Smart symphony orchestra managers around the world like to push the envelope in a bid to attract new audiences and to extend the imagination of their existing subscribers. The Melbourne Symphony Orchestra board and management are not smart. They have succumbed to the markets and salespeople who care little for the quality of music, instead focusing on revenue. This is how to explain the ridiculous dismissal yesterday of the MSO’s chief conductor, Oleg Caetani, one year ahead of the end of his five-year contract.

Apparently, according to a report by The Age’s Robin Usher, “audiences had tired of Caetani’s championing of the 20th-century Russian conductor Dmitri Shostakovich”. If that’s true then there is either something seriously wrong with the audiences or the MSO has done a rotten job of selling to its audience some of the finest music of the past 100 years.

Shostakovich is no Karl-Heinz Stockhausen, the atonal composer whose music is dense and inaccessible to many. No, Shostakovich is lyrical, passionate, romantic in the true sense of the word, and the, with a capital T, epitome of artistic subversion of the Stalinist state. His symphonies, film music and other grand choral and orchestral works sell millions of copies around the globe for these reasons. But apparently he’s too much to bear for those who write the cheques at the MSO and who presumably would like to see a stodgy diet of 19th-century classics and treacly rubbish from Shostakovich’s vastly overrated countryman, Sergei Rachmanninov.

Caetani was the best thing to happen to the MSO. He was not a show-off like his predecessor, the media friendly and marketing savvy German wunderkind Markus Stenz. Caetani is a conductor’s conductor. Under Caetani the MSO got away from the provincial ABC Classics, and recorded with Chandos, a high-quality UK outfit. It meant, as the MSO’s then chief executive Trevor Green (who had the foresight to appoint Caetani in 2005), that people in London could hear the MSO for the first time.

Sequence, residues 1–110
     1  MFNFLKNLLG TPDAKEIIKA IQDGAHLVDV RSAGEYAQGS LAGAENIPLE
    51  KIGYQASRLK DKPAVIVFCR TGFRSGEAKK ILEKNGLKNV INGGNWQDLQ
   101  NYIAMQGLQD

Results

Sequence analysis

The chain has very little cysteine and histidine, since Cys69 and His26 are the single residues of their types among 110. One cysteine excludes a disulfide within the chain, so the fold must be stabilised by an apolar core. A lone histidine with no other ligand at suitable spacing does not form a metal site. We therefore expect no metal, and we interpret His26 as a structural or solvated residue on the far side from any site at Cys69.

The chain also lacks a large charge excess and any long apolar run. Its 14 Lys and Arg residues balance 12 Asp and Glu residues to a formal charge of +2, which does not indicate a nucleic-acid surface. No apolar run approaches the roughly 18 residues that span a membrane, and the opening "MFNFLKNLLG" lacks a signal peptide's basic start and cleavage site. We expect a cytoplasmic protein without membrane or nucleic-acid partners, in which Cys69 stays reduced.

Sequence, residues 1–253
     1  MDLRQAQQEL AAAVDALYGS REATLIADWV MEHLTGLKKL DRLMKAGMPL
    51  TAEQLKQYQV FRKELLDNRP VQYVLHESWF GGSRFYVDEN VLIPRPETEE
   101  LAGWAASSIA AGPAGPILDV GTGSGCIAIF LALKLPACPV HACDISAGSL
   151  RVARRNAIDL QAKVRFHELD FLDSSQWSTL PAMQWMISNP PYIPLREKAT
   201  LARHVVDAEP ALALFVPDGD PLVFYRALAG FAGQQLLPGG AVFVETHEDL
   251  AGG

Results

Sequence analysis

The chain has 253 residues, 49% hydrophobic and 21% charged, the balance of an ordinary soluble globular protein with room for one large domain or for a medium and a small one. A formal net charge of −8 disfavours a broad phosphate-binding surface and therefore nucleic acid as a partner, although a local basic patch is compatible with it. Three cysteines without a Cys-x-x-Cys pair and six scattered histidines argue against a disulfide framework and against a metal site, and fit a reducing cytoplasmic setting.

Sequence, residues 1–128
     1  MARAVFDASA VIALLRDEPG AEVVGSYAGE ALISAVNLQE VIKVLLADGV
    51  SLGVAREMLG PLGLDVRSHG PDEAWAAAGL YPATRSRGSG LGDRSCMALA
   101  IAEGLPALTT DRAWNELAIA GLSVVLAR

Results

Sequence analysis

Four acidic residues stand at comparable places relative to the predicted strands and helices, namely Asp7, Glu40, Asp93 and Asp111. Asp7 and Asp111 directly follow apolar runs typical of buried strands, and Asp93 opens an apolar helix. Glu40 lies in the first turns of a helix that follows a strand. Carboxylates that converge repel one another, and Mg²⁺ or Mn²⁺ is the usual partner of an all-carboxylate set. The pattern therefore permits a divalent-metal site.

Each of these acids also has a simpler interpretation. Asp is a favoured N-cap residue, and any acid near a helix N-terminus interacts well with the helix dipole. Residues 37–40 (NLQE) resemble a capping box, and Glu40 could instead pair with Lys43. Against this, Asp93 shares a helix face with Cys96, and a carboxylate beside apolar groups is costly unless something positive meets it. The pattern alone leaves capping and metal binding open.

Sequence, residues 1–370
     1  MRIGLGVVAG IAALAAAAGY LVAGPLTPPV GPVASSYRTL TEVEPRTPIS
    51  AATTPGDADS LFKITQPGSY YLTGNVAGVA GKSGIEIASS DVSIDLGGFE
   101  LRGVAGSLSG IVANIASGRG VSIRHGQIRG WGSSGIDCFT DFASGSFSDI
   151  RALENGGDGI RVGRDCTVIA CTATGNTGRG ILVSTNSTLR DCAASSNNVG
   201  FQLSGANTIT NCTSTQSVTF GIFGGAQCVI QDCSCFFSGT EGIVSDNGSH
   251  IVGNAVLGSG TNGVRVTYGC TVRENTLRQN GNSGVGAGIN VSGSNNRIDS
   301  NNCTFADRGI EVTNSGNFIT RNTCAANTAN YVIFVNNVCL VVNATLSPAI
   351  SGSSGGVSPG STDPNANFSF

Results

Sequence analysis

In turning its back on a conductor of Caetani’s outstanding quality — he gets rave reviews when he conducts orchestras in Italy and Germany — and opting for boring conservative programming, the MSO is heading for a car crash.

In the US, many orchestras are cash-strapped because of graying audiences, unimaginative programming and because they succumb to the marketing departments, which simply want bums on seats, and therefore prefer a night of Andrew Lloyd Weber to 20th-century giants such as  Shostakovich or Aaron Copland. But the Los Angeles Philharmonic Orchestra and the San Francisco Symphony Orchestra are bucking the trend.

Both of those orchestras are going great guns because they have been led over the past decade or so by conductors, Esa Pekka Salonen (until recently at LA) and Michael Tilson Thomas (‘Frisco) who program a good deal of 20th- and 21st-century music. They make their audiences grow musically and it has become fashionable among younger people to attend these concerts.

The MSO is also getting a new boss — the current CEO of the Houston Symphony Orchestra in the US, Matthew Van Besien. Van Besien comes from an orchestra known for its conservative programming and cautious board — sound depressingly familiar?